Sectarian split grows on eve of new Syria talks

Submitted by Matthew on 6 January, 2016 - 10:57 Author: Ralph Peters

On 1 January Saudi Arabia put to death Sheikh Nimr Al-Nimr, a Shia cleric and leader of reformist opposition. 46 other prisoners were killed on the same day.

Saudi Arabia carried out a total of 157 death sentences in 2015, putting it third in the world behind Iran (more than 289 judicial killings in 2014) and China (figures secret, but Amnesty’s last estimate was 1718-plus in 2008).

Saudi authorities said that most of the 46 were Al Qaeda or other Sunni dissidents. But some were Shia. The executions have further sharpened Shia-Sunni polarisation in the whole region.
Iran may now pull out of the UN-sponsored peace talks due to start on 25 January. If the talks go ahead, Iran’s and Assad’s hand is strengthened. Saudi Arabia has taken the role of coordinating the “moderate opposition” to Assad in the peace talks with US and UN agreement. Its execution of its leading Shia reformist cleric makes it easy for Assad to mobilise international resistance to concessions to Saudi-sponsored forces in Syria.

None of the parties who may gather round the negotiating table on 25 January aim for a democratic, pluralist, non-sectarian, multi-ethnic Syria where democratic rights are protected. All of them have disgraceful records in working with religious-sectarian forces and supporting brutal authoritarian governments in the area — or are those governments themselves.

If any “peace deal” is negotiated, and that is doubtful, it will probably be through a partition of Syria — initially by freezing many of the present military front-lines between the competing forces.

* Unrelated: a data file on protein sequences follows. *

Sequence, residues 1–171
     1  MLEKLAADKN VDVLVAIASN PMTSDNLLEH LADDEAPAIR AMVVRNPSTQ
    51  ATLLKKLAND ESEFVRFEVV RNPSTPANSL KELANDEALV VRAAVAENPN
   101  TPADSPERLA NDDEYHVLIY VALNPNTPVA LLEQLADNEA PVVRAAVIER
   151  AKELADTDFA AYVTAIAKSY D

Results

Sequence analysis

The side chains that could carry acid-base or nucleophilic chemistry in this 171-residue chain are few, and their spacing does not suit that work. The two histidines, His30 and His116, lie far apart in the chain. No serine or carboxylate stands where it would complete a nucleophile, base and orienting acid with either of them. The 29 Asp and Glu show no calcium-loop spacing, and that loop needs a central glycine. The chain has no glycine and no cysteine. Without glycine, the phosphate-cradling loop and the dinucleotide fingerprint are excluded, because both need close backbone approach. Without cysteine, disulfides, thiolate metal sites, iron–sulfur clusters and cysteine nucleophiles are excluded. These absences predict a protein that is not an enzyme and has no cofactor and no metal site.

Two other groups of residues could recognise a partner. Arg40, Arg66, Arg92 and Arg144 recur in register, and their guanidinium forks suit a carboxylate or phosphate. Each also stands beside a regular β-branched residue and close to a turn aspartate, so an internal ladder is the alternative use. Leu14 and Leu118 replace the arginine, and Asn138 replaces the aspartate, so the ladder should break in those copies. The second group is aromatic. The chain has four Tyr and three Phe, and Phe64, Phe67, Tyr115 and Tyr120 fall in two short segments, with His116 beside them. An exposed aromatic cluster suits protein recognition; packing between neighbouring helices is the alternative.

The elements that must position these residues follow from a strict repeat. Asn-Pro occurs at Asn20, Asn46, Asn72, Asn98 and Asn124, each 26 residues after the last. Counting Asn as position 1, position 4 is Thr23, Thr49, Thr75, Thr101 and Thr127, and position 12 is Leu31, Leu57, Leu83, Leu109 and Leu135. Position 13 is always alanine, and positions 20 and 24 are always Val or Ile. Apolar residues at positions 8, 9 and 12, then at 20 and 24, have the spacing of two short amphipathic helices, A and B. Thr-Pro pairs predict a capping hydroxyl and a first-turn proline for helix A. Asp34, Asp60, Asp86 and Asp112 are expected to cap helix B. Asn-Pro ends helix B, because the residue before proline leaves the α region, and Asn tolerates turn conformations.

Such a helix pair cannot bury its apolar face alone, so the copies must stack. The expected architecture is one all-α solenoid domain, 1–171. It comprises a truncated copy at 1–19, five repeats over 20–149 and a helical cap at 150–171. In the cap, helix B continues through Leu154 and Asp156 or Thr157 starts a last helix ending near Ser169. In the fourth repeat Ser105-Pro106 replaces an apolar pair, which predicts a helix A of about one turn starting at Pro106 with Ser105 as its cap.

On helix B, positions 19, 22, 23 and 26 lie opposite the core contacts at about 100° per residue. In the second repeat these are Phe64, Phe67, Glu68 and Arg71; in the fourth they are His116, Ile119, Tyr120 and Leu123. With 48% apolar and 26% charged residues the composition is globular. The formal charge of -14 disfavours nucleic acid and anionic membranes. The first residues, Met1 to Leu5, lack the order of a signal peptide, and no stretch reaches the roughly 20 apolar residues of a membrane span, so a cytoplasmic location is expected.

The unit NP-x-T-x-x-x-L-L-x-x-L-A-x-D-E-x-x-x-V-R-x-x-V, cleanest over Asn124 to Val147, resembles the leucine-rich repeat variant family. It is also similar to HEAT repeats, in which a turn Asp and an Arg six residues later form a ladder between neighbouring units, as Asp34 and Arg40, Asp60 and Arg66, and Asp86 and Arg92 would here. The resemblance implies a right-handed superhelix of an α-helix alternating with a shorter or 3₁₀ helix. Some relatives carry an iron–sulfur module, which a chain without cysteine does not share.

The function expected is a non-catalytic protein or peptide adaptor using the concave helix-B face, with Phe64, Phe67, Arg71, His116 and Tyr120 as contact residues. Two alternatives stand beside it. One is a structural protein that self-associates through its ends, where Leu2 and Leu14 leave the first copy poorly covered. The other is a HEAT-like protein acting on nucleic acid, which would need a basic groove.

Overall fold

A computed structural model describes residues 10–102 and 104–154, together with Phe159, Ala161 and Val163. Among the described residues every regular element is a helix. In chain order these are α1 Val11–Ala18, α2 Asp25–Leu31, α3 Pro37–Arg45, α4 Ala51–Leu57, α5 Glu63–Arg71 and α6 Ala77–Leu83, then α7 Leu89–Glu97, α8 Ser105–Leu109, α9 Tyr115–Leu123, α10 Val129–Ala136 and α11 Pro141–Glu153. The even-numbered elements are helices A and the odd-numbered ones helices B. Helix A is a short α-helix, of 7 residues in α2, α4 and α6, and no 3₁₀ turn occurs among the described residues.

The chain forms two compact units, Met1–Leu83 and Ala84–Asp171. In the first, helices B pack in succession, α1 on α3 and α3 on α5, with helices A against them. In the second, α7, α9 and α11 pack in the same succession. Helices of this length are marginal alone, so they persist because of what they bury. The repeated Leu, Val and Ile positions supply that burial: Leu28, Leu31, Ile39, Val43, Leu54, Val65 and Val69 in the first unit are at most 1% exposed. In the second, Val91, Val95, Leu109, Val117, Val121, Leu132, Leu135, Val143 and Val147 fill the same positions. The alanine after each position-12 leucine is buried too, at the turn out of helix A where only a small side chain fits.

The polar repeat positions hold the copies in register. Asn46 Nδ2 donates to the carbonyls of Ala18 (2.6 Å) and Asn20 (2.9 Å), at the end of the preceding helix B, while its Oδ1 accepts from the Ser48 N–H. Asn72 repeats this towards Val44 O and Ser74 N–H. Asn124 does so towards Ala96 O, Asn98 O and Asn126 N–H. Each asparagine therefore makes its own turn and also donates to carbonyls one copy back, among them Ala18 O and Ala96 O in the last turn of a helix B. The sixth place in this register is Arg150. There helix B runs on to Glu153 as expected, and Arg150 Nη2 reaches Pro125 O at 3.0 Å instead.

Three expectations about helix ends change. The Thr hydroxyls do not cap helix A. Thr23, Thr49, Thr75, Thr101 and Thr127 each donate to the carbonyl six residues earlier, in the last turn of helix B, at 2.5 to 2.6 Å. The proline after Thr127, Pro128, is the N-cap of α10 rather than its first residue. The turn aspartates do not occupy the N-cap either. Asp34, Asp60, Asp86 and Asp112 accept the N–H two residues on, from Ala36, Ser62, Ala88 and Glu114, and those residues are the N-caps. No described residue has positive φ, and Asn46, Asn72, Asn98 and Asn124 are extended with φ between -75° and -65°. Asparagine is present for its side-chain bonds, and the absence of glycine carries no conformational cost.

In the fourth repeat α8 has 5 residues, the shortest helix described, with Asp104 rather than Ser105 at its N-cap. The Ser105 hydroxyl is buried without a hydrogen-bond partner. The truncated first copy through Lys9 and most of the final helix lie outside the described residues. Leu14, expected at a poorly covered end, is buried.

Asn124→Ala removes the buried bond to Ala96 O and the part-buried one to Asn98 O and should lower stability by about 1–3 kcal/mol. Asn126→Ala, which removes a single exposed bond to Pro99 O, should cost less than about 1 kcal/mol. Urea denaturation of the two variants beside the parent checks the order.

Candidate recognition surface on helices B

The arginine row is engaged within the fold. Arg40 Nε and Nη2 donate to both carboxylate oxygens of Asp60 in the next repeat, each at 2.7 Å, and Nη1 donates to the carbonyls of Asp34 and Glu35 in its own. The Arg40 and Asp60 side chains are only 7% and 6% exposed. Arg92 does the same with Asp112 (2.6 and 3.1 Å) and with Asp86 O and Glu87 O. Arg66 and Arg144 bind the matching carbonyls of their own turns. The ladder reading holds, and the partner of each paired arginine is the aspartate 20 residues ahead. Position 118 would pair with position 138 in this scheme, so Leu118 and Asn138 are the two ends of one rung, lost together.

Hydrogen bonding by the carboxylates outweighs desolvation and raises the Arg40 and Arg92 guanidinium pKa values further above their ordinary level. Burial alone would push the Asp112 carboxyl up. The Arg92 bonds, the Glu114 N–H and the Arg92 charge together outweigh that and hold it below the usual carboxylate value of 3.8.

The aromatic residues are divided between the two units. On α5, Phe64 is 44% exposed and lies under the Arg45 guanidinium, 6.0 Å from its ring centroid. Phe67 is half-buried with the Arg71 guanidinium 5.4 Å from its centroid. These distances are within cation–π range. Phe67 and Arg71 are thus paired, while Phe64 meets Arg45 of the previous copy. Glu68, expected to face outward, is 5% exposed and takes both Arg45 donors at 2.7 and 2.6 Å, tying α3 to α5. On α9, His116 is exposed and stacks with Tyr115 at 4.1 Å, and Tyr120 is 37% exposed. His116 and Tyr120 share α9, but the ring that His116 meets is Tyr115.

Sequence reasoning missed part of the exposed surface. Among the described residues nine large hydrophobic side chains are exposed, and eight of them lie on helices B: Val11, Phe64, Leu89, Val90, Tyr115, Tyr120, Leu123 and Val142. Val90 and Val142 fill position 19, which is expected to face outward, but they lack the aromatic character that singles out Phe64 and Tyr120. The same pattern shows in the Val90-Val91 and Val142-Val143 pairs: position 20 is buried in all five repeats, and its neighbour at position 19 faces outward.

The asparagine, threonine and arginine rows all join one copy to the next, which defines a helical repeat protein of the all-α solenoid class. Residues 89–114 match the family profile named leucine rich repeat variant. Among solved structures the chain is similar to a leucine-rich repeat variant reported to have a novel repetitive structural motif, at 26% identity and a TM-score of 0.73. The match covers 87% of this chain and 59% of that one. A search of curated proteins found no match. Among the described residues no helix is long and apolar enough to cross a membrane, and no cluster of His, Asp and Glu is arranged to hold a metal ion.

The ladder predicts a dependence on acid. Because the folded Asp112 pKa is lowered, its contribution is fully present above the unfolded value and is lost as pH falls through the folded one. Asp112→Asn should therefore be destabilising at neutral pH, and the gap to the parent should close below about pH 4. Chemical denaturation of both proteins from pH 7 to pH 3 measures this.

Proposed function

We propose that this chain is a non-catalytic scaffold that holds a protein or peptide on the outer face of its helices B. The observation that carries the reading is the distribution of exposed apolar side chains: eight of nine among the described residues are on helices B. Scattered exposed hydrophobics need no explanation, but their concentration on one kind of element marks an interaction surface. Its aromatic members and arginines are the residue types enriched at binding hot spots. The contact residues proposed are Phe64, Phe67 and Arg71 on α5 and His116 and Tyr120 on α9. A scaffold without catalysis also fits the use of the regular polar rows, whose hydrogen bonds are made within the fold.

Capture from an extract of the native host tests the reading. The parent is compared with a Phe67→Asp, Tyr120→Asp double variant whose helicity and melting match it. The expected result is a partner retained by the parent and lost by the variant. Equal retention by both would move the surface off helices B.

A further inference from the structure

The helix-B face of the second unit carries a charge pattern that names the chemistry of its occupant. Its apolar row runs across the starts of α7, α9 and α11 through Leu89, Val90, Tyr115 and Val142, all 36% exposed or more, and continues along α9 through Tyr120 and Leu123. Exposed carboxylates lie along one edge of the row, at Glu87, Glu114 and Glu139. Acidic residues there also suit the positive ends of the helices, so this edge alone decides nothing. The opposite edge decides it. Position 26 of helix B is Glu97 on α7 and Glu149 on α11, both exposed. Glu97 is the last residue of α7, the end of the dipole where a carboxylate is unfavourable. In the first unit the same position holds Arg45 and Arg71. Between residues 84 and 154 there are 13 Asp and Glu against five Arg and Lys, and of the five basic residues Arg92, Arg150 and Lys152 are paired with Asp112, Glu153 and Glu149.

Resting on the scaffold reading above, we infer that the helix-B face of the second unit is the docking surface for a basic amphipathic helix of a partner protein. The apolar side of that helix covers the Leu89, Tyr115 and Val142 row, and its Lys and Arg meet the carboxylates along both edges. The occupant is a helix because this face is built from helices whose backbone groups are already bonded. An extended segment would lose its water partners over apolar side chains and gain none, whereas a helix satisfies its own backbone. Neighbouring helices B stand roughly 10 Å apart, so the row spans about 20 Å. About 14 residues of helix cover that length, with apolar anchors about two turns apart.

The Syrian Army and its allies have been responsible for most of the over 250,000 civilian deaths in Syria. At the outbreak of the civil war, the army was about 220-280,000 strong.

It is reported to have lost over 50,000 dead. Many others have deserted. Something like 40 or 50,000, mainly Sunni Muslims who refuse to take part in the army’s attacks on civilian Sunni communities, have defected to opposition militias.

In April 2015 the army’s strength was estimated at about 110,000. Iranian and Hezbollah forces have increasingly carried out operations alongside the army, or even taken charge of them.

The most notorious of Assad’s auxiliary militias are the shabiha, organisations of thugs set up by Bashar Assad’s uncle Rifaat al-Assad in the 70s and 80s to do dirty work for the regime. In 2011 the shabiha made brutal attacks on the initially broadly democratic and secular protest movement and deliberately provoked sectarian reactions by targeting Sunni communities.

Jaysh al-Sha’bi, another unofficial Alawite force, was reorganised in 2011. It is reported to be 100,000 strong but ineffective as a military force.

Since the Iranians moved in, Jaysh al-Sha’bi has been effectively replaced by the National Defence Force (NDF), built under the direction of the Iranian Hossein Hamadani, and modelled on the Iranian Basij.

The NDF has been more explicitly recruited as a religious anti-Sunni sectarian force. In a collapsing economy, with huge employment, whole villages of Alawite men have been recruited to the NDF for reasons both mercenary and sectarian.

Iran probably calculates that the NDF will, like Hezbollah, have an ideological loyalty to Iran even if Assad is removed.

Russia has had influence with the Assad regime for decades. Putin may have saved the day for Assad when he began his aerial bombardment of Assad’s opponents in September 2015. However Russia has avoided sending troops to reinforce Assad, beyond a few “specialists”.